1. There is no such thing as a mistake.

Use each “mistake” that an actor makes as a positive note to yourself that the ideas expressed are not sitting comfortably with the character they have created. Change the idea, the line – or the actor.

2. Your actors never lack energy

There may, however, be a block that prevents them tapping into their natural well of effort; so don’t try to energise them – concentrate on just removing the block.

3. Take the blame

When something is wrong, assume it is your fault, and be thankful (because you are now the right person in the right place to do something about it.)

4. Ignore the silliness

If you think of something that is too silly for your actors to do – get them to do it; your intellect is always over-eager to prevent your work from being interesting.

5. Look for the lighter side

If when working on a script with the actors everything seems rather serious, then read the script again looking for the jokes.

6. Don’t succumb to irritations

Do not give aggravations the benefit of your concern in rehearsals or on a shoot. If you allow them to

Hands On Directing with Patrick Tucker

affect your work, then all that wonderful preparation you have done will have been wasted.

7. It’s all about the bits

A good actor is one who presents many more bits of information to an audience (about situation, mood, characterisation) than a not-so-good actor. The methods they use to do this vary enormously (between gesture, voice, movement, tempo etc.), but your job is to make sure you get the maximum number of “bits” into the camera from your actors, however they they achieve this.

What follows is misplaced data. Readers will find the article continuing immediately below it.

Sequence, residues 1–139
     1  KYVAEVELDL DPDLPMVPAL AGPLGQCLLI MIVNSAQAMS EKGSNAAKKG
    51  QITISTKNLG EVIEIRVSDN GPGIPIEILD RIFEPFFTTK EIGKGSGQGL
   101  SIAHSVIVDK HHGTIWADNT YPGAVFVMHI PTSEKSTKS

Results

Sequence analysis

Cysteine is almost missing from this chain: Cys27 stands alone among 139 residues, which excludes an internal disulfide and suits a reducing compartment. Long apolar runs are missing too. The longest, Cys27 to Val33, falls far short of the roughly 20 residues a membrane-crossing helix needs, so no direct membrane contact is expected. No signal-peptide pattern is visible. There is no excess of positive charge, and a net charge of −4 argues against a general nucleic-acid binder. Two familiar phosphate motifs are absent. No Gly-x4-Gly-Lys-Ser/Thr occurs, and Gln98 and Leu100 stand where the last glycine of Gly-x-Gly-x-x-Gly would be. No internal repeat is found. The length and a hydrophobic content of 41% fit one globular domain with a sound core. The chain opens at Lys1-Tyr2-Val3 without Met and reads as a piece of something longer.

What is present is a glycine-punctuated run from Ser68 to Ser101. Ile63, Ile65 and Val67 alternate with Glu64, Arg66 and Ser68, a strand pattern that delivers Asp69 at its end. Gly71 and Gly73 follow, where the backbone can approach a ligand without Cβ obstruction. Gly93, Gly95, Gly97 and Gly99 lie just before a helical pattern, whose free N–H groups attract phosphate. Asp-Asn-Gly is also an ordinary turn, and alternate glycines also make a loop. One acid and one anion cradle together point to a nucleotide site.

8. Consider your audience

At every point, ask yourself what opportunities a moment gives you to do more for your audience.

9. Ideas are common

It is courage that is rare (this applies equally to actors and directors).

10. What is reality?

Do not restrict yourself or your actors to reality; that is what the audience does every day – and when they watch your work this will be their night out.

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About 

Raindance aims to promote and support independent filmmaking and filmmakers.

From new and emerging to industry pros, Raindance connects, trains, supports, and promotes visual storytellers through every step of their career.

The Raindance Film Festival runs each Autumn in London's Leicester Square.

Raindance has been delivering film training since 1992. A wide range of Open Classes to a 2 year HND Level 5 BTEC in Moving Images to a Postgraduate Film Degree are delivered to students on five continents, both in person and online.